Retrospective on SCAMPER
one the main problems I have noticed within myself is that often when approaching a problem, before I
even beginning to brainstorm different ideas, I have already formed a solution, and then rather than
look for the best solution to the problem, I try to mold the problem to fit my solution. For example, I
am a web developer, so any entrepreneurial en devour I think of usually revolved around web
A very similar thing happened when I chose the problem for this assignment – how to solve the
problem of garbage bags in the streets. As I first began to analyze the question, I came up with a few
solutions – firstly, an Uber-like on-demand service that picks up garbage throughout the day. As I
began to go through the SCAMPER method, I noticed that my first reaction would be to try to conform
the question to the fit my own solution.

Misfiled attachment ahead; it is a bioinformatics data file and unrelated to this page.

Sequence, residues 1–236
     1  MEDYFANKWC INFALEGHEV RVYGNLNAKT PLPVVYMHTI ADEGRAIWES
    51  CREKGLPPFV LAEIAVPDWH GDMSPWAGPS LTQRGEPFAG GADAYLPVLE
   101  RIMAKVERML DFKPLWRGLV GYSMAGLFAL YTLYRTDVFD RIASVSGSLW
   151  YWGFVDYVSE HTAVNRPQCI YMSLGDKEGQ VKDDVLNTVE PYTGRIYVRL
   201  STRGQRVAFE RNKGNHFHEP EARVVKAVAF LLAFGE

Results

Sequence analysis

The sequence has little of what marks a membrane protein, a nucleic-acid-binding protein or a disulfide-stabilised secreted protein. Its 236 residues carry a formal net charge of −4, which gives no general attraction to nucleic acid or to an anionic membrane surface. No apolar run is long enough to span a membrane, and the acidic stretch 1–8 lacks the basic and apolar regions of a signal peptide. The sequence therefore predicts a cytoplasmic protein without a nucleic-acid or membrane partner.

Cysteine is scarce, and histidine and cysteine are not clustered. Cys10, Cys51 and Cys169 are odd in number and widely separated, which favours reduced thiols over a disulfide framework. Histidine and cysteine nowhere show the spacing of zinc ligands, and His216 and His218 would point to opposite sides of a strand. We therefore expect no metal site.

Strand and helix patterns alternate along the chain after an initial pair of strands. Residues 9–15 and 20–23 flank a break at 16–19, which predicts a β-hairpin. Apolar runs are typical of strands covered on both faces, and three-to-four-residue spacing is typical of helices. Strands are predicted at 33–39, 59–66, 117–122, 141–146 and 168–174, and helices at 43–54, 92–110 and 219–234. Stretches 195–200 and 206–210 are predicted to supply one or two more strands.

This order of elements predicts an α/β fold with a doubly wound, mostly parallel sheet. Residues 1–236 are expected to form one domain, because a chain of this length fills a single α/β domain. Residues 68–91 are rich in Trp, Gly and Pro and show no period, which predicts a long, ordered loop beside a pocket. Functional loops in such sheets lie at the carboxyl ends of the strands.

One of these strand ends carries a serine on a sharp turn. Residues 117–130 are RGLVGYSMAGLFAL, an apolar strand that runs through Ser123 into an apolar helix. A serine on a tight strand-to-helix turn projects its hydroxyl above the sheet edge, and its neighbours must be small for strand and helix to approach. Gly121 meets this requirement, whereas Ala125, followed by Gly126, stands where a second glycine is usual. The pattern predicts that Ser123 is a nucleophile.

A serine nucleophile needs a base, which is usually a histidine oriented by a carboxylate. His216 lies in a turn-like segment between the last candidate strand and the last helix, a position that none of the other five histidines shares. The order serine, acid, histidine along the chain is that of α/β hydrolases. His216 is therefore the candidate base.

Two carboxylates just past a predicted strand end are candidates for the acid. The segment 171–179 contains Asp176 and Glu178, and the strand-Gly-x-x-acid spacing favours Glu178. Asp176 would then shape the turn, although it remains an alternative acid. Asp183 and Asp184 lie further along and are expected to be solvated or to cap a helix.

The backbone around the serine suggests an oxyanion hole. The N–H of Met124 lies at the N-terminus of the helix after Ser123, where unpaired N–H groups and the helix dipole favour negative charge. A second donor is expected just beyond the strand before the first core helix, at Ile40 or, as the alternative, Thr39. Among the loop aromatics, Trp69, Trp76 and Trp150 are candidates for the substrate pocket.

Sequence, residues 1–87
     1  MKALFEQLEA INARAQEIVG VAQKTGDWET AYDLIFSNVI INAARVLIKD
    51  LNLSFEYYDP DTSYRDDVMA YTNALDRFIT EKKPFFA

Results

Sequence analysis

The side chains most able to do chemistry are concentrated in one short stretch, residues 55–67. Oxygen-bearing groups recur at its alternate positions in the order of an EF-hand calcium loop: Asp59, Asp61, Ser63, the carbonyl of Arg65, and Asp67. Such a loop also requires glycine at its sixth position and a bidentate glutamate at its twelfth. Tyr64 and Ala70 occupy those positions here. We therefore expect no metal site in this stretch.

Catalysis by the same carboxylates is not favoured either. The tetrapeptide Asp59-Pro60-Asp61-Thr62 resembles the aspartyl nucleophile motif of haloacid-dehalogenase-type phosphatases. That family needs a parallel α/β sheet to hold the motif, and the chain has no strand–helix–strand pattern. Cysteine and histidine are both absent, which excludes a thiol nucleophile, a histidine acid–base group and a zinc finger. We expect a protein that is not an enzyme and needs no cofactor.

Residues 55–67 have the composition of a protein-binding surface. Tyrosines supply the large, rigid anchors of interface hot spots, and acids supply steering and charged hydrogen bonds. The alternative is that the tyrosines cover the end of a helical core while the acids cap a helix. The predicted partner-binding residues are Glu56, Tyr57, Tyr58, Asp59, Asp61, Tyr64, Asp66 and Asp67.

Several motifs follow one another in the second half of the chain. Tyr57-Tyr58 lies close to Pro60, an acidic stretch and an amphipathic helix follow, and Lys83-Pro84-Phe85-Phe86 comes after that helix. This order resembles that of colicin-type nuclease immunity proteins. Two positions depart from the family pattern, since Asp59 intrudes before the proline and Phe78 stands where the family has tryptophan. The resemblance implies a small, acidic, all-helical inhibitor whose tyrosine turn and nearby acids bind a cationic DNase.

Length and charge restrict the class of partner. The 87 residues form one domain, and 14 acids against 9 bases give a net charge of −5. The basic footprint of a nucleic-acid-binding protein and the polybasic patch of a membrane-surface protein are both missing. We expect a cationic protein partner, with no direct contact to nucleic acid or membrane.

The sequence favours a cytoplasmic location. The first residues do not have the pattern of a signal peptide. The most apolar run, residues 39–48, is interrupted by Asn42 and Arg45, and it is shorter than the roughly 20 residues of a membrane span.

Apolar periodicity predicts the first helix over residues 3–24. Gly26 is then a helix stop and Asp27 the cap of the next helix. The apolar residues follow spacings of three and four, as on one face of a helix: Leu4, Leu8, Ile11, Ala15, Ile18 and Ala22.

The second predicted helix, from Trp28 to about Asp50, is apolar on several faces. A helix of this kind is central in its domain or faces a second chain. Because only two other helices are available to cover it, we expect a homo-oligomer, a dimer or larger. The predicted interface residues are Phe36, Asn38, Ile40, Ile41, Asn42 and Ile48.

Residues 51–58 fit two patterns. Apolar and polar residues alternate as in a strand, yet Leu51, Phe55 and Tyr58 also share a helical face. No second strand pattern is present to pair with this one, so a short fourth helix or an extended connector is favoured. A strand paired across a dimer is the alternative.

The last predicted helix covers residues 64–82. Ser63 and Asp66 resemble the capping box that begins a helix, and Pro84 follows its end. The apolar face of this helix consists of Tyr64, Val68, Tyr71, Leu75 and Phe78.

However, the SCAMPER method proved an incredibly useful tool to overcome this sort of bias.
Because of the very diverse array of questions, it almost forces you to think differently – and I think
this actually may greatest benefit of SCAMPER – it’s ability to provide different perspectives to
approaching a problem. I definitely see myself using this method in the future, when trying to come up
with an a new perspective on a problem I seem to be stuck on.
Another useful, and quite surprising, application I see for Scamper is in programming – in my last
programming class, the professor spoke about how often a problem can have many solutions – the real
difficulty is in finding the right one, the most efficient, clear, and concise approach to the problem at
hand. Therefore, I think a slightly modified version Scamper could actually be very useful to
programmers, to help with the process of approaching a problem from a different perspective. I’m
definitely going to think about this and begin creating a modified Scamper for programmers.